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How $416 million in federal funds could help boost rural broadband access in Nevada

Gabby Birenbaum
Gabby Birenbaum
EconomyGovernmentRural NevadaRurals
Panaca Elementary School on Monday, Oct. 14, 2019. (Jeff Scheid/The Nevada Independent).

Brian Mitchell hears from rural Nevadans about their lack of internet service all the time.

As director of the State of Nevada Broadband Office, Mitchell recalled teachers in rural counties dropping written assignments at students’ doors at the height of the pandemic, because streaming and video calling proved impossible. 

Local businesses near Great Basin National Park, ready to handle an uptick in visitors as outdoorsy workers took to RVs and worked from road trips, suffered when travelers could not get connectivity on their laptops after hiking near the Utah border, at a time when economic development could have thrived. 

County sheriffs and highway patrol officers keep mental maps of all the dead spots in their regions, where it’s impossible to run someone’s plates. Mitchell spoke to one sheriff’s deputy who had to drive multiple hours each way to another town to complete required downloads of his body camera footage.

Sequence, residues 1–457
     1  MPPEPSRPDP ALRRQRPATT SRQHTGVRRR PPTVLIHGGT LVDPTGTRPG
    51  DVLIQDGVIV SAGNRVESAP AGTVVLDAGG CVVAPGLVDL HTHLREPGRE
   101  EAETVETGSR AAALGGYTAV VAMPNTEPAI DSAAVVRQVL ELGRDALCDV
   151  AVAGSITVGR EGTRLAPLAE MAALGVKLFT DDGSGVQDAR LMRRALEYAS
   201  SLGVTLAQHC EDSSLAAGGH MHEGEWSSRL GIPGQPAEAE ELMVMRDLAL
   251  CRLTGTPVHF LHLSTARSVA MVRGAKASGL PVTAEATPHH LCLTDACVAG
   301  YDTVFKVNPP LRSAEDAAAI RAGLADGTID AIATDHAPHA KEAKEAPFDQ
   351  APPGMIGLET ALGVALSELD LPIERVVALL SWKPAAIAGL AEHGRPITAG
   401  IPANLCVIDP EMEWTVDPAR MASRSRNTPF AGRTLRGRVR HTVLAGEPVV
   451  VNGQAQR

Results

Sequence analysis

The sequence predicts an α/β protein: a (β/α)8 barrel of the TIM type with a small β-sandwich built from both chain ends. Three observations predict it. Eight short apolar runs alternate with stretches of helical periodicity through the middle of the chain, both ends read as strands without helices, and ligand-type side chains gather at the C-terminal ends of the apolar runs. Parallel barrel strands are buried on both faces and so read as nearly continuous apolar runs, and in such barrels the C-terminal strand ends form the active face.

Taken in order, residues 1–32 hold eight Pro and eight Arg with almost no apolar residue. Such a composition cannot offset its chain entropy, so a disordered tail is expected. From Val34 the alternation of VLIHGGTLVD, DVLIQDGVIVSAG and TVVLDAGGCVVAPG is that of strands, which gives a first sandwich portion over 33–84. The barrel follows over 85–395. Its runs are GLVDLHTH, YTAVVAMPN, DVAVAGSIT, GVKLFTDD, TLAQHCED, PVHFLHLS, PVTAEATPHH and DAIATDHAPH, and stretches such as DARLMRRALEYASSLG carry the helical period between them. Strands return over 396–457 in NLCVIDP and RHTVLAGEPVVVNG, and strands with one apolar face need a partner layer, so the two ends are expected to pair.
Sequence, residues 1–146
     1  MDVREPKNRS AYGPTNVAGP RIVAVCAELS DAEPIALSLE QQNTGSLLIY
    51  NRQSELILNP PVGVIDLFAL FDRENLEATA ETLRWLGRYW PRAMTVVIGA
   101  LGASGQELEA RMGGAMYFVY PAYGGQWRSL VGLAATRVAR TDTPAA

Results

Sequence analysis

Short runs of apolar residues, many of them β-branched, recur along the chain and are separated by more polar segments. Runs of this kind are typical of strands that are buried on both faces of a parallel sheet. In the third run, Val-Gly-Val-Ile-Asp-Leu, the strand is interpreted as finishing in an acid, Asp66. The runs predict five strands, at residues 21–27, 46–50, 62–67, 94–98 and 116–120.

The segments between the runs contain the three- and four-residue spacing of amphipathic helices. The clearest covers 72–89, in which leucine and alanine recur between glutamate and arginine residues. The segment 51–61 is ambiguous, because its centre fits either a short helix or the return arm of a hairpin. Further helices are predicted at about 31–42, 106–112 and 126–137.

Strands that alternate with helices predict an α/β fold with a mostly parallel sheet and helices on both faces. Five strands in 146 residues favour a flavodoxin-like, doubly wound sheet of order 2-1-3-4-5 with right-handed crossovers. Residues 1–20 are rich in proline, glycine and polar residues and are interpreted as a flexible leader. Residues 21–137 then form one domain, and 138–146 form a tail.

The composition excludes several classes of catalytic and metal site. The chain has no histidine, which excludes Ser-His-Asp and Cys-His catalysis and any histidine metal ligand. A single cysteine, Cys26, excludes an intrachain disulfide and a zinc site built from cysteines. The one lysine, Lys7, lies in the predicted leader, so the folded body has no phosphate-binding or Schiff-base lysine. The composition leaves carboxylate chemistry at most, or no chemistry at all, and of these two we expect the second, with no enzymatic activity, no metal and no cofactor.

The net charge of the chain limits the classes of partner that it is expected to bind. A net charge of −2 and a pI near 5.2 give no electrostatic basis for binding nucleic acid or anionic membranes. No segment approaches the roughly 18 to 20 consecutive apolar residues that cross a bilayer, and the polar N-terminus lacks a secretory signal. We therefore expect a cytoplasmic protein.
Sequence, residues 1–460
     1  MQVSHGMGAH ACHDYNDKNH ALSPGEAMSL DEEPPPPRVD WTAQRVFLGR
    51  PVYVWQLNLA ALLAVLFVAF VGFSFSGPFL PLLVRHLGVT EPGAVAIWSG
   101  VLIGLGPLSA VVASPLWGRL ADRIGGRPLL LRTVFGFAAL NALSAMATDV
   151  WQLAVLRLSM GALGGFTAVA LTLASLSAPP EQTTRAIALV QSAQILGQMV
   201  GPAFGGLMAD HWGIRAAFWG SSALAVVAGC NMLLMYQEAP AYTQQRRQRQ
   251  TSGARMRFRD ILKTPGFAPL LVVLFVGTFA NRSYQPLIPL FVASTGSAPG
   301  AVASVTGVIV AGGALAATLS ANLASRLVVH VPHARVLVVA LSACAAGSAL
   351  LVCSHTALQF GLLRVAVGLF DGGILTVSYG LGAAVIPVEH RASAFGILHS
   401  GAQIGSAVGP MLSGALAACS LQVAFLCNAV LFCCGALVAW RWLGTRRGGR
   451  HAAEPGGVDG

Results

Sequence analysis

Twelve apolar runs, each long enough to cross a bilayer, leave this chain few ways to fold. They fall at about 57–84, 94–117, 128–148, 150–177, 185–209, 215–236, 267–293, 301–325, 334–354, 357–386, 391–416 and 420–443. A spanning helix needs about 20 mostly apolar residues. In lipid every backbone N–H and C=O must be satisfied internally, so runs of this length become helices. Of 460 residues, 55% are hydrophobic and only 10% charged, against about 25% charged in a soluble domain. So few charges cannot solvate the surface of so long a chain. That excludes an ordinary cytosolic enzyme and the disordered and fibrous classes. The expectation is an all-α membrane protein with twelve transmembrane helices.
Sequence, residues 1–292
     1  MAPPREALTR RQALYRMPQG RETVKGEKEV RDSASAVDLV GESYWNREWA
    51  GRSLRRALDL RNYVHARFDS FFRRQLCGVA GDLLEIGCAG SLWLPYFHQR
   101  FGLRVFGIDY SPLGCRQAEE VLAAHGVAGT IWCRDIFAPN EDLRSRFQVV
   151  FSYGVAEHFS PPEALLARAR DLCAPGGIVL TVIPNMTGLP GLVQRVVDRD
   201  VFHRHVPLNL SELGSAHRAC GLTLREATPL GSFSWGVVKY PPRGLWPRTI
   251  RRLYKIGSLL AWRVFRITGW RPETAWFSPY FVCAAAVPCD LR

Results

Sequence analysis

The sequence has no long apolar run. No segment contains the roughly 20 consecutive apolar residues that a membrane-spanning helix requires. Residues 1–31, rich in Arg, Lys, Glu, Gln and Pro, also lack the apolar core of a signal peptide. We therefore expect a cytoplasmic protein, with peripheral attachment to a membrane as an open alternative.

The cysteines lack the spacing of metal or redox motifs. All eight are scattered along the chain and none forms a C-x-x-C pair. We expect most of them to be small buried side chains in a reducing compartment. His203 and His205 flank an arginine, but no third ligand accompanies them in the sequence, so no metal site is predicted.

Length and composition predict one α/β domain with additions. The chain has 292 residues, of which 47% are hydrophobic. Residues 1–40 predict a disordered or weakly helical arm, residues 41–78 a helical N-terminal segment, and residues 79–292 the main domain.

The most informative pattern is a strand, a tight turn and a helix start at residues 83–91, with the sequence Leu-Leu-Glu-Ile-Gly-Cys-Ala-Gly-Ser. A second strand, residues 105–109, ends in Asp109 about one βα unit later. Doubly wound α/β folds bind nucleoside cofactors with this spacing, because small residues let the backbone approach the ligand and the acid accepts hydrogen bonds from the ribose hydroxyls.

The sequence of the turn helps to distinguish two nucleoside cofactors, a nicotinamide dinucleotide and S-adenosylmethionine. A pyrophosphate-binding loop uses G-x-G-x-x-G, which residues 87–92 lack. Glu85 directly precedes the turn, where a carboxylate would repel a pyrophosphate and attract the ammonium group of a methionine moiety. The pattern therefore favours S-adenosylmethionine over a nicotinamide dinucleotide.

“He couldn't do that from his sheriff's substation, because they didn't have the best connectivity, and so the amount of time he was taking drive to go and upload that footage was time that he wasn't patrolling the roads and keeping people safe,” he said.

Nevada’s vast rural counties suffer from a lack of broadband access, where just 66 percent of areas have standard-quality service, compared to 99 percent of urban areas, according to a 2020 report from the Nevada Office of Science, Information, and Technology. In sparsely-populated Eureka, Lander, Pershing, and White Pine counties less than 20 percent of the population has access to standard-level broadband

It affects everything from education to telehealth to business.

But a massive new federal program, touted by Biden administration officials as a 21st century version of the Depression-era effort to electrify rural America, aims to fix that disparity. The Broadband Equity, Access, and Deployment (BEAD) program — a more than $42 billion initiative created through the Bipartisan Infrastructure Law — announced its highly anticipated allocations Monday. 

Nevada is set to receive $416 million to build out broadband networks that target the least-served areas first. It’s a huge tranche of funds — the single largest broadband investment in U.S. history — that has accelerated the state’s timeline for ensuring every Nevadan has access to affordable, high-speed internet. The grant is expected to close the gap for the nearly 100,000 Nevadans and Tribal natives in the state without access to standard-speed internet and boost broadband capacity across every county in the state.